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5 Ways To Explore The Global Graph Celebration Day Attendee Graph

William_Lyon
Graph Fellow

Get Involved with GGCD And Find Connections To The Community!

The second annual Global Graph Celebration Day is only two months away! In this post, we want to show you how you can explore the GGCD Attendee Graph to find connections in the community. We have more in common than you think!

![](upload://eslEWxQpZ03O9m0rLYCcPE9Q9zE.png)

What is Global Graph Celebration Day?

To honor Leonhard Euler, the Swiss mathematician and inventor of graph theory, the Neo4j community and graph-enthusiasts all over the world gather and host events to celebrate the day of his birth, April 15th. Check out the blog post for information on how to find an event near you or host one yourself!

Last year was the first official GGCD and there were more than 60 events on six continents!

What’s The GGCD Attendee Graph?

![](upload://sUiimTZziMuEtx3ykbt1vzsQYxu.png)The data model for the GGCD Attendee Graph

When you RSVP to a GGCD event you can choose to optionally share what technologies you use, what industry you work in, your interests, and more. This information is anonymized and stored in a public Neo4j Aura instance so that the graph community can see things we have in common, learn how others are using graphs and Neo4j, and discover new technologies and tools that we might be interested in.

As part of Global Graph Celebration Day, we want you to explore the GGCD Attendee Graph and we’re going to feature the top-10 most-interesting queries, visualizations, or apps built around the attendee graph in one of our GGCD re-cap blog posts.

Here are a few ways you can get started exploring this data:

1) Query In Neo4j Browser

![](upload://j6UOozunZI00J22CuHJ46zicD8j.png)For example, here’s the JavaScript graph of GGCD attendees so far!

The data is available in a public Neo4j Aura instance that you can access here:

https://88f0bc82.databases.neo4j.io with the username events and password events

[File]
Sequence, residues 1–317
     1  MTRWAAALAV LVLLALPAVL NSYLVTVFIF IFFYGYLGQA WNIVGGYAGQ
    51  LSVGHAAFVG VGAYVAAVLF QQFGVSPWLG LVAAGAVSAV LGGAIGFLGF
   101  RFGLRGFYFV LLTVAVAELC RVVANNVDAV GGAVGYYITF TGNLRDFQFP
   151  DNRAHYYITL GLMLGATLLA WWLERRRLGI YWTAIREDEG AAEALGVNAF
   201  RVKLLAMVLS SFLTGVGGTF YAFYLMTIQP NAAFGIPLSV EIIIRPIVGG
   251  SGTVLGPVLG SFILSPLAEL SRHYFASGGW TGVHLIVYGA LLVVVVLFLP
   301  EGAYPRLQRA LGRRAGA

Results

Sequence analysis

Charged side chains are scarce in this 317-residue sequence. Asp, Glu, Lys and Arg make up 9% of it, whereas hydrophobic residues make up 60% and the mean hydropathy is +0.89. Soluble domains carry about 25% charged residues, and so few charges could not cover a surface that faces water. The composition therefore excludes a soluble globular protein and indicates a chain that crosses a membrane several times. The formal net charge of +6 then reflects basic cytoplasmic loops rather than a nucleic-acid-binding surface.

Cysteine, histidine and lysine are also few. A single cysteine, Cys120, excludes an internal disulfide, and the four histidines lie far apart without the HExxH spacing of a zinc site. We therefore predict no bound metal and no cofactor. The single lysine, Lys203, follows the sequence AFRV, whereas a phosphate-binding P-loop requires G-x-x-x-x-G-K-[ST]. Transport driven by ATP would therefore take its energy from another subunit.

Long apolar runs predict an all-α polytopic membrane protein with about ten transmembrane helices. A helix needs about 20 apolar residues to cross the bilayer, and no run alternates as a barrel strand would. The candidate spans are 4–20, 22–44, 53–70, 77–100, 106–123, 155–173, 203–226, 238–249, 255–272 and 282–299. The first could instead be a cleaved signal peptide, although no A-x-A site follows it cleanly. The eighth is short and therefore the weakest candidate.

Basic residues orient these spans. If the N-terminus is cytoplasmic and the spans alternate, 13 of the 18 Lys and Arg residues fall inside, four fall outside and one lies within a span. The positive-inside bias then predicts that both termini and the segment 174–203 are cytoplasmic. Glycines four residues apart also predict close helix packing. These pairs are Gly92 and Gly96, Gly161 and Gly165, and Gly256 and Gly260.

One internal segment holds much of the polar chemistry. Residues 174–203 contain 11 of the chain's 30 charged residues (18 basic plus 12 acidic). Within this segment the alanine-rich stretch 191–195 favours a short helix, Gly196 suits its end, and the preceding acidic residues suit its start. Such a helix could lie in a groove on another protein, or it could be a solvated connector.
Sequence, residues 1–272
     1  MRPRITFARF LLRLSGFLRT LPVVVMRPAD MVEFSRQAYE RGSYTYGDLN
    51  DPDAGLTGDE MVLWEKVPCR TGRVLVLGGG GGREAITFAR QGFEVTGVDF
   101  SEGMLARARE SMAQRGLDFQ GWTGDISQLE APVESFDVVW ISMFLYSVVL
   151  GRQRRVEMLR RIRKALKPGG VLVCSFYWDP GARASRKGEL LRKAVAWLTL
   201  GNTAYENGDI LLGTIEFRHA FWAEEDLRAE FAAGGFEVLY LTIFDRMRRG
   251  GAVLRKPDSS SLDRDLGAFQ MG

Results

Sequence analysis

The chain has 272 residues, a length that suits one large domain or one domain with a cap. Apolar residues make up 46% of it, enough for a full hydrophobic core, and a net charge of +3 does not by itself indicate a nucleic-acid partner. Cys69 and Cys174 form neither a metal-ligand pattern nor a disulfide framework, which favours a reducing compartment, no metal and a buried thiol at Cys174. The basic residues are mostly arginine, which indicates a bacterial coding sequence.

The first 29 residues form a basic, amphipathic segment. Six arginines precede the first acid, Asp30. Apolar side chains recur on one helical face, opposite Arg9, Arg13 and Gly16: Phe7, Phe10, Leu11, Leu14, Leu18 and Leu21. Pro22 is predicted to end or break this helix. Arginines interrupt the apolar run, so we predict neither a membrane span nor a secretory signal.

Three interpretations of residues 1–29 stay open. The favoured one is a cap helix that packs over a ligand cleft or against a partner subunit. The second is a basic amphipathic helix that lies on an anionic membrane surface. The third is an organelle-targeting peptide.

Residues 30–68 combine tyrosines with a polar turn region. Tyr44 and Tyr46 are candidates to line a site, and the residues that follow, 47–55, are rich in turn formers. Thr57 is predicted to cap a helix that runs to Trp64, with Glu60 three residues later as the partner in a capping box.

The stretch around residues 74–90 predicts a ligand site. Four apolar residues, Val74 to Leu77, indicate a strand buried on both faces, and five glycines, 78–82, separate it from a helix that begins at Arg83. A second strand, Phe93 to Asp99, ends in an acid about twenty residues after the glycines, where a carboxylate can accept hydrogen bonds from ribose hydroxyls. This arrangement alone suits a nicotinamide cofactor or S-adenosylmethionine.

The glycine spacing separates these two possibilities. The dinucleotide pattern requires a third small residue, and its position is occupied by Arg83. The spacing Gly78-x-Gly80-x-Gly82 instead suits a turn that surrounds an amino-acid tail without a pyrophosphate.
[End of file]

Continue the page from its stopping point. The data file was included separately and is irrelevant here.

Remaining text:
In Neo4j Browser you can write Cypher queries to query the dataset and visualize the results. Use the CALL db.schema() command to see the data model which can give you an idea of the type of queries you can write.

Here’s a Cypher query to get you started:

MATCH 
(t:Tool)<-[:USES]-(p:Person)-[:INTERESTED_IN|:ATTENDING]->(o)
WHERE t.name = "Javascript"
RETURN *

Can you find the other attendees of the event you’re attending? What is the most common programming language used by the other attendees?

2) Build A Graph Visualization

![](upload://1VDEgfF9Mn5TAuG2rrW0yTy9FmU.png)This graph visualization of the GGCD Attendee Graph was created using the 3d-force-graph library. See it at https://globalgraphappreciationday.com/

Whether with neovis.js, 3d-force-graph, or Neo4j Bloom graph visualization tools can help you make sense of and interpret graph data at a glance.

For ideas on how to get started with creating visualizations with data from Neo4j, check out some of the popular blog posts on the Neo4j Developer Blog about graph visualization

3) Query Using iPython Notebooks

![](upload://puHoJnQC3BPlhH5LhSBaeScqMq1.png)A sample iPython notebook pulling GGCD Attendee Graph data into a pandas DataFrame. Try it here

iPython notebooks allow us to combine data from Neo4j with popular Python data science tools like pandas, matplotlib, scikit-learn, NLTK, and more.

We put together a starter notebook that shows how to use the Python Neo4j driver to query the GGCD attendee graph, load it into a pandas DataFrame and create a simple chart of the most common use cases using matplotlib. It also shows how to use the TextBlob NLP library to find keywords and entities in event descriptions:

Try it here:

https://colab.research.google.com/github/johnymontana/ggcd-samples/blob/master/notebooks/ggcd.ipynb

4) Query Using GraphQL

![](upload://fS9x6Y04KVcQDzA0R3Nt3qiqJEP.png)GraphQL Playground for the GGCD Attendee Graph GraphQL API. Try it here.

There’s also a GraphQL API exposing this data which you can query at globalgraphcelebrationday.com/graphql This GraphQL API uses neo4j-graphql.js to easily build a GraphQL API backed by Neo4j.

GraphQL makes it easy to express data fetching logic in a single request to the backend. You can learn more about GraphQL in the Neo4j developer guides.

For example, here’s a query to find all events within a 10km radius and show some information about the interests of the attendees:

{
Event(
filter: {
point_distance_lt: {
point: { latitude: 47.4979, longitude: 19.0402 }
distance: 10000
}
}
) {
name
location
attendees {
name
works_in {
name
}
uses {
name
}
}
}
}

5) Build An App

![](upload://tNM0r1yRHkDdJJvJAaHh0YsQfYY.png)

Either using one of the Neo4j language drivers or the GraphQL API, build an application that queries Neo4j and shows the results. You can build an app that makes it easier to find friends with similar interests at the GGCD events or an application to find events near you!

For examples of applications you build that use GraphQL, check out the GRANDstack starter UI implemented in React or Angular.

Share What You’ve Built!

Whatever you come up with, put it online (Github gist, google doc, app URL, github repo, etc) and submit your URL with a short description of what it is below.

![](upload://2mgFKDNdAwwV4QUAQuJEW0blN9i.jpeg)(Button will route to Google submission form)![|1x1](upload://5E5Kvqk7mXZRH0qhd0OSBwgNTy8.gif)

5 Ways To Explore The Global Graph Celebration Day Attendee Graph was originally published in Neo4j Developer Blog on Medium, where people are continuing the conversation by highlighting and responding to this story.

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